Business Continuity Planning – Not Just for IT Anymore

By Terry Calhoun

Actually, IT has a major role to play in institution-wide business and learning continuity for two reasons: (a) of all departments on campus, the IT department already stands the best chance of having its own business continuity plan that works, and (b) when you talk or think about institution-wide business and learning continuity, you don’t get very far before you realize that IT has a central role to play. Basically, if your IT d'esn’t work, you don’t have any business or learning continuity except for in the smallest and most specialized of situations.

My boss, Jolene L. Knapp, CAE, executive director of the Society for College and University Planning (SCUP) was privileged to be invited and attend the EDUCAUSE Business Continuity Summit in August. EDUCAUSE has posted “A Report on the Business Continuity Summit” on its Web site for anyone to read. I recommend it.

Until fairly recently you might find on many campuses some sort of “crisis communications plan,” or “disaster recovery plan,” or “emergency management plan.” Typically those have been the purview of health and safety officials, campus police, or public relations – with connections primarily to telephone folks and physical facilities managers. But you won’t find many “business continuity plans” (BCP); I know, I have looked, and looked, and looked.

When my staff or I do find such a plan, it is almost invariably one that pertains to the IT infrastructure. Why? My best guess is that techies think naturally in systems theory, tend to cover their bases, and have a fairly easily defined realm of authority. Another reason might be that in order to have a good business continuity plan, you must have good IT and you must work closely with IT staff. Nowadays that’s kind of like the minimum required to get going.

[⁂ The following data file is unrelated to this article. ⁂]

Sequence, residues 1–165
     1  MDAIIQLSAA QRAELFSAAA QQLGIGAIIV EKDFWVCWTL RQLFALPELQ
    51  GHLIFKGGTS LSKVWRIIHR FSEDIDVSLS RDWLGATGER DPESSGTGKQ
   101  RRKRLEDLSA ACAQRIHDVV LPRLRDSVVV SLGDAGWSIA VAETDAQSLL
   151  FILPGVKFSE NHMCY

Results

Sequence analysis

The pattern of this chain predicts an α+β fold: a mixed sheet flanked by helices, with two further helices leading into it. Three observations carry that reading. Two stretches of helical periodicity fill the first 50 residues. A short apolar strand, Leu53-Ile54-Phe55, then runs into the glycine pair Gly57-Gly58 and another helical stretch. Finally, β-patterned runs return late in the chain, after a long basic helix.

So, at the summit, Ron Janofsky, an ECAR fellow, reported on a recent survey of CIOs. One of its major findings was that there is a paucity of good business continuity planning going on in higher education. Another is that there is widespread pessimism “about business and academic units’ ability to carry out essential operations in the absence of IT systems and services.” There followed a case study presentation about George Washington University and a panel discussion with several distinguished panelists, including the executive director of Microsoft’s homeland security department and SCUP member Wendell Brase of the University of California, Irvine.

You really should read the brief (4 pages) report. Just the paragraph-long “Discussion Summary” points are quite valuable. I’ll try to reduce each one to a bullet point:

  • BCP should integrate every operation on campus in a way that business continuity thinking is a normal part of all processes.
  • BCP should be “owned” by top campus leadership, should be tied to the strategic plan and the institutional mission, and should not be seen as an “IT issue.” It should be noted that many changes resulting from good BCP are positive in all ways, not just in institutional sustainability.